"This is a major development that no doubt will profoundly influence the
field of hepatitis C research," says NIAID Director Anthony S. Fauci,
M.D. "Having an infectious HCV clone available will greatly facilitate
studies on virus evolution, pathogenesis and host immune response. It
will enable scientists to better understand the factors and mechanisms
that determine whether virus is cleared from the body or produces a
When the hepatitis C virus was first discovered in 1989, scientists
believed they had found the cause of the many cases of hepatitis, often
acquired through blood transfusions, that could not be attributed to
either the hepatitis A or B viruses. Since then, researchers have
detected HCV genetic sequences and antibodies in patients with classic
non-A, non-B hepatitis, and screening the blood supply for HCV has
lowered significantly the incidence of this disease.
Nevertheless, scientists have been unable to grow the virus efficiently
in tissue culture or purify it using other laboratory procedures,
necessary steps in the process of verifying that a suspected infectious
agent is able to cause disease. Therefore, questions have remained
about whether the HCV genetic sequences found in patients truly
represent the infectious agent, or are defective or non-infectious
versions of the virus.
Charles M. Rice, Ph.D., and colleagues at Washington University in St.
Louis, Mo., and at the Food and Drug Administration (FDA) in Bethesda,
Md., have now answered these questions. Their findings appear in the
July 25, 1997 issue of the journal Science.
The researchers extracted HCV RNA, the virus's genetic material, from
the serum of an individual infected with the virus. They then made
thousands of DNA "clones" of the HCV RNA which, in turn, were
transcribed back into RNA and injected into the livers of chimpanzees to
see if they could cause infection. Chimpanzees are the only known
non-human host for HCV.
After 34 of the most promising RNA transcripts failed to cause infection
in the chimpanzees, Dr. Rice and his colleagues analyzed the sequences
of numerous HCV clones to determine a "consensus sequence" of highly
conserved regions within the HCV genome. The researchers then
constructed a full-length "consensus clone," reflecting the consensus
sequence. RNA transcripts of the consensus clone, which had also been
tagged with a unique molecular identification marker, were then injected
directly into the livers of two healthy chimpanzees.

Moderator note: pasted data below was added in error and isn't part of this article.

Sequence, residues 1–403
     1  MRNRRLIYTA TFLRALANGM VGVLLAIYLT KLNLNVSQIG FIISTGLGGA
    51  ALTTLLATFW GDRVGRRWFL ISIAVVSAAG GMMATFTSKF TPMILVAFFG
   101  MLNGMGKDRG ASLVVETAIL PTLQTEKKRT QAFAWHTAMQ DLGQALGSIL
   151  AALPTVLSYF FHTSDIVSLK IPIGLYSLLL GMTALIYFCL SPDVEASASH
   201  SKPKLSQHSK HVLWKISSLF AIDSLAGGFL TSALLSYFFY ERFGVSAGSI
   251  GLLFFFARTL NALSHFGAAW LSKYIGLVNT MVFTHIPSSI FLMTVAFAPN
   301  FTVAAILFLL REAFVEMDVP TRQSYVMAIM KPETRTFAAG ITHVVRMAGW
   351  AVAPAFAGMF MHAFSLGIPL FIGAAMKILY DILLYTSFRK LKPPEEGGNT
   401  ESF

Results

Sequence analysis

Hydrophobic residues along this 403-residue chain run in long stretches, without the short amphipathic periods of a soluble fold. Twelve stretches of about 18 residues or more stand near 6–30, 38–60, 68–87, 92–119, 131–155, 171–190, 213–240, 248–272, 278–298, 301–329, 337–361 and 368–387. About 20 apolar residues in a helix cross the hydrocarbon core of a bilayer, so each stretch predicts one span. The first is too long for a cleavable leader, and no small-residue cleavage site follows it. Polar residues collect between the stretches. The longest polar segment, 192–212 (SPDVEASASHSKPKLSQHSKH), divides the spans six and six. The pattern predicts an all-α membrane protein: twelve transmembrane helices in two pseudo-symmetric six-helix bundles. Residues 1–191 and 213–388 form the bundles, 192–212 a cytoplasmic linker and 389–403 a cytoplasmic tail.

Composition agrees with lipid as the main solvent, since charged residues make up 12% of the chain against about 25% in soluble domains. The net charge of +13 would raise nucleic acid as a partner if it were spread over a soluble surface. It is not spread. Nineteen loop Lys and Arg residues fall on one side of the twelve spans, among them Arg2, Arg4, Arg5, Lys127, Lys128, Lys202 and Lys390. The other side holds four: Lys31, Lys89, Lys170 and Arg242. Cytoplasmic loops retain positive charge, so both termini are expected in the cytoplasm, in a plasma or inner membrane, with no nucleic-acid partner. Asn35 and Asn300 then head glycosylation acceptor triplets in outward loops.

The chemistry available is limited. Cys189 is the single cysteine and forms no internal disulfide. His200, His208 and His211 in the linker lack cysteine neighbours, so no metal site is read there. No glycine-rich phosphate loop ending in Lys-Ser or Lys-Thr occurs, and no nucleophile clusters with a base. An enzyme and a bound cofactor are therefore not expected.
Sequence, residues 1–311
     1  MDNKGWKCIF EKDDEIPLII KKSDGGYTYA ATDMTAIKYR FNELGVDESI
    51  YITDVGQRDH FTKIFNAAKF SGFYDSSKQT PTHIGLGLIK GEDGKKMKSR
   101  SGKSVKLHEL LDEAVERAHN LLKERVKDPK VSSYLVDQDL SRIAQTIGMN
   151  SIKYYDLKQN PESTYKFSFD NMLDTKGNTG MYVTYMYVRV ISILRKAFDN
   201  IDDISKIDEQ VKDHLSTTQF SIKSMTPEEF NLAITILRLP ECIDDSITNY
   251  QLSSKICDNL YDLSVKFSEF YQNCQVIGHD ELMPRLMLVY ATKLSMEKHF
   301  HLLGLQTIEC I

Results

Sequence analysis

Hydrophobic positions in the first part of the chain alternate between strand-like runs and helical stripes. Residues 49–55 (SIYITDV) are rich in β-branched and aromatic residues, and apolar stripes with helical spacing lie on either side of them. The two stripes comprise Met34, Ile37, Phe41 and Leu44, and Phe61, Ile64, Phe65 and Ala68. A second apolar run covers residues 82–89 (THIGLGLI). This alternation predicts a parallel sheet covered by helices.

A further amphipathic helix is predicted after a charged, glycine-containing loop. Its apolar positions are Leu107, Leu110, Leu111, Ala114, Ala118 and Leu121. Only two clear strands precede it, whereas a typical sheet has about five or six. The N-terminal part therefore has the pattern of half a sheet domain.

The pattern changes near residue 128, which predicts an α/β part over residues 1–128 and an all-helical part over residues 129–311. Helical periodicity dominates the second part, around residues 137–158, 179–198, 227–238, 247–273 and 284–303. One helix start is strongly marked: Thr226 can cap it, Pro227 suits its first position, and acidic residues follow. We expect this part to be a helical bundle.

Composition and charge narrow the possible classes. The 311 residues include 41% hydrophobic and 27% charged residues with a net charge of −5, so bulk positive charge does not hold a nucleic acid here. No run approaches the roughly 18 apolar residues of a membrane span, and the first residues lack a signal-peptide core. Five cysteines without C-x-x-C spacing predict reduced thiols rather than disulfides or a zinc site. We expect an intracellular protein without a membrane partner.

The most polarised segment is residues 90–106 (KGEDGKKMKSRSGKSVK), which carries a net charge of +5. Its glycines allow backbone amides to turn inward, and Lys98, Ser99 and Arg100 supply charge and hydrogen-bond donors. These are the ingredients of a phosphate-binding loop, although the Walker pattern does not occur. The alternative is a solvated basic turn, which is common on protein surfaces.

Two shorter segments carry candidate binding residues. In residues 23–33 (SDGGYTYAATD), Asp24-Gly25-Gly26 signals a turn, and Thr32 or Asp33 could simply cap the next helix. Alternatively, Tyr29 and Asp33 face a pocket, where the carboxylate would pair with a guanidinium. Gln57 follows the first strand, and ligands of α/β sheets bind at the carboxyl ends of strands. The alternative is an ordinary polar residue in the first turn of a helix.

In the weeks following injection, the researchers detected signs of
infection in the chimpanzees, including enzymes produced in response to
liver damage, antibodies to HCV and the presence of HCV RNA. Liver
biopsies of each animal also showed tissue damage typical of that seen
in HCV-infected chimpanzees. Identification markers on the HCV RNA
revealed that the consensus clone had caused infection.
"The RNA levels in the chimps increased steadily in the weeks following
inoculation," says Dr. Rice. "If the RNA had come from the original
inoculum, instead of from new virus particles, its concentration would
have decreased. The RNA also was resistant to RNase, an enzyme that
breaks down naked RNA. The enzyme does not degrade RNA that is inside
The new finding should be a boon to HCV research. "Viral clones can now
be used to establish infections and study the genetics of HCV
replication in laboratory animals," says John La Montagne, Ph.D.,
director of NIAID's Division of Microbiology and Infectious Diseases.
"Importantly," he adds, "large quantities of infectious HCV RNAs can be
produced and used to find ways to grow the virus in cell culture."
Dr. Rice's research is supported in part through one of four Hepatitis C
Cooperative Research Center grants awarded by NIAID in 1996. These
Centers are multidisciplinary, collaborative research units designed to
generate the knowledge needed to devise preventive and therapeutic
strategies for hepatitis C infection.
HCV causes approximately 150,000 cases of acute viral hepatitis each
year in the United States. Recovery from infection is rare and between
70 and 90 percent of infected persons become chronic carriers of the
virus. According to the Centers for Disease Control and Prevention,
chronic liver disease due to HCV causes between 8,000 and 10,000 deaths
and leads to about 1,000 liver transplants each year in the United
NIAID, a component of the National Institutes of Health (NIH), supports
research on AIDS, tuberculosis and other infectious diseases, as well as
allergies and immunology. NIH and FDA are agencies of the U.S.
Department of Health and Human Services.